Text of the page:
Area of Learning: Communication - There is cross-over with subjects in the other two areas of learning; Personal Development and Understanding My World.
We use Intensive interaction approaches with pre verbal children whose communication is at an early stage of development, and who often find it difficult to engage with others. The sessions follow the child’s lead, are relaxed, and playful. The purpose is for children to enjoy communicating, improve their understanding of non-verbal and verbal communications and strengthen emotional connections and bonds with others.
Across Middle School, pupils develop their skills following a spiral curriculum. Literacy skills will be covered multiple times across several academic years, each time looking to build on previous progress. In turn, this supports other areas of learning, improves pupil’s Life Skills and positively impacts on overall independence. The overall focus is always on functional literacy and preparing children for both the accreditations of Upper School and eventual adulthood. As much as possible reading and writing activities are linked to experiences and activities children have or will experience in the their everyday life. This helps provide pupils with context and meaning to their studies.
Reading activities take place daily in every class in addition to daily phonics activities. Phonics teaching follows the programme of Letters and Sounds, to ensure consistency between classes and consolidated through the reading books schemes we use. Support for whole word readers and those children requiring a different approach is provided by in-class differentiation, assisted by interventions from the Hive when required. In addition to physical books children also have individual logins to Reading Eggs which provides them with access to a virtual library of books, including books with audio support and additional online content.
Staff use signs and /or gestures to accompany the spoken word to aid the child's understanding of what is being said. Most children use signs and gestures along with speech. Makaton is designed to support spoken language – signs are used with speech, in spoken word order to help children and adults to communicate. Using signs can help children who have no speech (either because they have communication difficulties or are very young) or whose speech is unclear. Makaton is a visual way of communicating with your hands alongside spoken language. A small number of children use only gestures, signs and symbols to communicate.
Social Communication & Emotional Regulation Transactional Support (SCERTS)
This is “a research-based” educational approach and multidisciplinary framework that directly addresses the core challenges faced by children and persons with ASD and related disabilities, and their families. SCERTS focuses on building competence in Social Communication, Emotional Regulation and Transactional Support.
Speech and Language
Picture Exchange Communication System (PECS)
PECS, allows children with little or no communication abilities to communicate using pictures. People using PECS are taught to approach another person and give them a picture of a desired item in exchange for that item. By doing so, the person is able to initiate communication. A child with autism can use PECS to communicate a request, a thought, or anything that can reasonably be displayed or symbolized on a picture card. PECS works well in the home or in the classroom.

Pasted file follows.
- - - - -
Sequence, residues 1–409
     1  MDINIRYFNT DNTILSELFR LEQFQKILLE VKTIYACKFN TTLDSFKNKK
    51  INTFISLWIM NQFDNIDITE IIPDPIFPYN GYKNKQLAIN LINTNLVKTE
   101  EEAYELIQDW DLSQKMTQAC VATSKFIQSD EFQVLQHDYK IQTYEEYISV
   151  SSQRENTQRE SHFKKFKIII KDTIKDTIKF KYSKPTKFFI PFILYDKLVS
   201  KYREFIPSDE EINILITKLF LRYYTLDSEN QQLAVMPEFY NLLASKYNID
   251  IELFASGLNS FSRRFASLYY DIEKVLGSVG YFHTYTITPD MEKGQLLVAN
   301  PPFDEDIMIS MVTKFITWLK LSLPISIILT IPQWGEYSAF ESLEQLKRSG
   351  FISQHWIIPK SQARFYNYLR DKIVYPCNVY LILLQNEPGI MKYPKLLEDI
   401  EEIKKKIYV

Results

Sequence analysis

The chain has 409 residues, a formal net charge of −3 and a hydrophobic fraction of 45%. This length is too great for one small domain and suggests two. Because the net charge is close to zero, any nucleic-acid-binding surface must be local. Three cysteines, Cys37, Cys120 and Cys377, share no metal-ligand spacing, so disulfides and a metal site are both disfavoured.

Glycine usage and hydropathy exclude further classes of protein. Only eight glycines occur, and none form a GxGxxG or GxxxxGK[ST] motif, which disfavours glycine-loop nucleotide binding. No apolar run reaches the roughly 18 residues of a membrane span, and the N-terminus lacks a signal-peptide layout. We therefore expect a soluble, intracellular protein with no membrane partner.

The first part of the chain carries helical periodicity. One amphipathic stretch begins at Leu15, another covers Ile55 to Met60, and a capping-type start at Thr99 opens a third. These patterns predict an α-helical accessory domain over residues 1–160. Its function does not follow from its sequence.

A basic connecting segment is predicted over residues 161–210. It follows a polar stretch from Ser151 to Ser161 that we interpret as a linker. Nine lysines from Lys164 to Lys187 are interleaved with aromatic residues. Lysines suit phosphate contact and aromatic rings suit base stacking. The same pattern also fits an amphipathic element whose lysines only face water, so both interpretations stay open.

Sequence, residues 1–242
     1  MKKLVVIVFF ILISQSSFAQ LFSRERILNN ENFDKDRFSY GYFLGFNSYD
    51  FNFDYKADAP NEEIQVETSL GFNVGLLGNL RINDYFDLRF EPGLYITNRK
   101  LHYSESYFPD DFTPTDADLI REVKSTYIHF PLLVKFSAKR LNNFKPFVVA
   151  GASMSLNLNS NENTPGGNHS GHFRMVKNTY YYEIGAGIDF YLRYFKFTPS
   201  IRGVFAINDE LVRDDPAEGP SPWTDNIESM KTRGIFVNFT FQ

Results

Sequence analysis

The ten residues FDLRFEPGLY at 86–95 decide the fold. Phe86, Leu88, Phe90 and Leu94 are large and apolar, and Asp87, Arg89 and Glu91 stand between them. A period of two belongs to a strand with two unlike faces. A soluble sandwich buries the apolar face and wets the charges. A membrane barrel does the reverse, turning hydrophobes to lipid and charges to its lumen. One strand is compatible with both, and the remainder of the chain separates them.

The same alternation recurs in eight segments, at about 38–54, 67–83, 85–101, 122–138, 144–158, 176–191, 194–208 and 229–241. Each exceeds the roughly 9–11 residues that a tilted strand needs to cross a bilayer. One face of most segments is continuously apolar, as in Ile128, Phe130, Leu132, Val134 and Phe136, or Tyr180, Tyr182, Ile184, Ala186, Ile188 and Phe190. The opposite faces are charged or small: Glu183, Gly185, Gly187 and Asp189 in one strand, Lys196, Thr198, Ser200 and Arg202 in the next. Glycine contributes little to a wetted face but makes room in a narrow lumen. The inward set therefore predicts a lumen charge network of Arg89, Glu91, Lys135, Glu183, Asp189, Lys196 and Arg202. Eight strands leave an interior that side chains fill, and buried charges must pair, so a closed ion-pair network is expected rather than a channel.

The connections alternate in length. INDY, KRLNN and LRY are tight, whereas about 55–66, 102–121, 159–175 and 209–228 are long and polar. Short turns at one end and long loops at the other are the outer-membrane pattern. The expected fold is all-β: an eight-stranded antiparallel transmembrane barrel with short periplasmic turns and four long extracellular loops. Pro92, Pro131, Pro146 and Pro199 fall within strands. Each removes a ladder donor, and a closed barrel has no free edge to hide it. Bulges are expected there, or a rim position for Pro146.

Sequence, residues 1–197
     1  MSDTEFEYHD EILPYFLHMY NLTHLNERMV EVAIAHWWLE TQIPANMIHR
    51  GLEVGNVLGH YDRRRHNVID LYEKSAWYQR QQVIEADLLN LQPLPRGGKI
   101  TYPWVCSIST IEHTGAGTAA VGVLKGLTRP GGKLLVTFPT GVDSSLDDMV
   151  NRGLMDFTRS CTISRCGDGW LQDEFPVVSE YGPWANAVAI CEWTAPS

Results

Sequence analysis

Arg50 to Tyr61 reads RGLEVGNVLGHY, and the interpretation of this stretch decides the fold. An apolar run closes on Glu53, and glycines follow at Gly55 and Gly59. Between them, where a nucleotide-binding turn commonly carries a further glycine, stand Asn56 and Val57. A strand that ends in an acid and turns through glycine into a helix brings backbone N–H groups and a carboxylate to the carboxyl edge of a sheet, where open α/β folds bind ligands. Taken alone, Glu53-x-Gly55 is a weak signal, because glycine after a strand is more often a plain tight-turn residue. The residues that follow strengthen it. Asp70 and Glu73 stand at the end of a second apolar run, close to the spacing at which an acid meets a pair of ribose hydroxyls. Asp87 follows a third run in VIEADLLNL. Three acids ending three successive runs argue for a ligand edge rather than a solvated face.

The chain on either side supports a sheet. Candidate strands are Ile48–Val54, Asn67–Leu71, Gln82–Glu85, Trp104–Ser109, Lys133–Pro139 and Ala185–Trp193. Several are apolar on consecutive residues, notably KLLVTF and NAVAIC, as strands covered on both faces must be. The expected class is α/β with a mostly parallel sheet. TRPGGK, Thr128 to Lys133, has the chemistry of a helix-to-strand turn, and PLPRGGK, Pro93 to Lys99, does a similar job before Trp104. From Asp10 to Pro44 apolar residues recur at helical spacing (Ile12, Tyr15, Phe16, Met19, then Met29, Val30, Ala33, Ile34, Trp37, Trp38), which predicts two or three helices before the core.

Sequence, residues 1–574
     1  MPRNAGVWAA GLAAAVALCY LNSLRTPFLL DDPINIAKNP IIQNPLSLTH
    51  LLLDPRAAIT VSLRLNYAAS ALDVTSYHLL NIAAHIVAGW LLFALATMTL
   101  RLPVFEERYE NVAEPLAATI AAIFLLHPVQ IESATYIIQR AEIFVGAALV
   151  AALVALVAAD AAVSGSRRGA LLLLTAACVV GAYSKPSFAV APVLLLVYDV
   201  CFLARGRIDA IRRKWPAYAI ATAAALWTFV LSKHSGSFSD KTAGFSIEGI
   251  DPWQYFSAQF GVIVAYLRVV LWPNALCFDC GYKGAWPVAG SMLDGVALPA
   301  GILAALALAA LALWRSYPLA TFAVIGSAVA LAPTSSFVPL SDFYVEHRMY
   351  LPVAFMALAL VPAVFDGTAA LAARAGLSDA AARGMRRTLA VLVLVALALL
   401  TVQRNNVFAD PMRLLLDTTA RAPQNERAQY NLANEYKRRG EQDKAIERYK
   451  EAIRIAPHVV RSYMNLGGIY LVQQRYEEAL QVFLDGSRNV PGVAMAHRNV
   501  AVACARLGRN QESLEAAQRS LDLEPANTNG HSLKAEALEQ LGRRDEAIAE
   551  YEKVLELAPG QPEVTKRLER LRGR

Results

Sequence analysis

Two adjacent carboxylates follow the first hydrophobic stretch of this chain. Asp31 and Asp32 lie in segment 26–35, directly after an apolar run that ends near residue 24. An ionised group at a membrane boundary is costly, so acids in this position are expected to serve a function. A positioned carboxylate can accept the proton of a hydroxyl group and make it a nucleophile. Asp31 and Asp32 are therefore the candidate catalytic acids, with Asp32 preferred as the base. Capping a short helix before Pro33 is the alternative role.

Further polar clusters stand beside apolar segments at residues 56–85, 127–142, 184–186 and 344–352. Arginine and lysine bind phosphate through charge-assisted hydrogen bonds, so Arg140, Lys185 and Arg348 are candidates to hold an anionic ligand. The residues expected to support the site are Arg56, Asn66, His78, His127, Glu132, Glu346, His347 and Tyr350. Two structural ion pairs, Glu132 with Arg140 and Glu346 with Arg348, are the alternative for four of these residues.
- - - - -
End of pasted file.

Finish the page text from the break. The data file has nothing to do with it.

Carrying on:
For children with limited verbal language, Picture Exchange Communication System (PECS) is an approach used to develop the child’s ability to initiate communication. It can also be extended to teach sentence construction and to build vocabulary. Children with more developed verbal communication may have difficulty in processing language.
PECS United Kingdom
PECS was developed in 1984 by Lori Frost, MS, CCC/SLP and Dr. Andrew Bondy. It was first used at the Delaware Autistic Program. The goal of (PECS) is to teach children with autism a fast, self-initiating, functional communication system. PECS begins with the exchange of simple icons but rapidly builds "sentence" structure.
The TEACCH approach tries to respond to the needs of autistic people using the best available approaches and methods known so far, for educating and teaching autonomy. It is not a single method and can be used alongside other approaches.
Teaching – sharing autism knowledge and increasing the skill level of professionals and practitioners.
Expanding – increasing own knowledge to provide high-quality services to people on the autism spectrum and their families.
Appreciating – appreciating the strengths and uniqueness of autistic culture.
Collaborating and Cooperating with colleagues, other professionals, people on the autism spectrum and their families.
Holistic – adopting a holistic approach, looking at the person, their family and community.
VISUAL SUPPORTS: OBJECTS OF REFERENCE, OBJECTS; PICTURES; SYMBOLS
Objects, photographs and pictures are used throughout school and during all lessons to support CYP understanding and communication. Pupils use the objects, pictures or symbols to make their needs known and to share their ideas. Like, signs these are used alongside the spoken word.
Pupils use visual supports in a number of ways, for example for timetables for the day, part of a day, or what is happening now and next. Pupils can use activity related choice boards to select items needed for the activity, or to choose something to eat or play with. Shape coding is a way of using and expanding colour and shape to support expressive and written language learning across the curriculum.